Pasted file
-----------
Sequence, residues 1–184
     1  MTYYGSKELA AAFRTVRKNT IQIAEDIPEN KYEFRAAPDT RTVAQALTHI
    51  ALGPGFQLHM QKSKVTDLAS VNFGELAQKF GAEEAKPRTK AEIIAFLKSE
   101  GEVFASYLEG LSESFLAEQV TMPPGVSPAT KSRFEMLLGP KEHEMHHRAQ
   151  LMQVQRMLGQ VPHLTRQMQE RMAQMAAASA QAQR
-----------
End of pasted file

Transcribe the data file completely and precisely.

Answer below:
Sequence, residues 1–184
     1  MTYYGSKELA AAFRTVRKNT IQIAEDIPEN KYEFRAAPDT RTVAQALTHI
    51  ALGPGFQLHM QKSKVTDLAS VNFGELAQKF GAEEAKPRTK AEIIAFLKSE
   101  GEVFASYLEG LSESFLAEQV TMPPGVSPAT KSRFEMLLGP KEHEMHHRAQ
   151  LMQVQRMLGQ VPHLTRQMQE RMAQMAAASA QAQR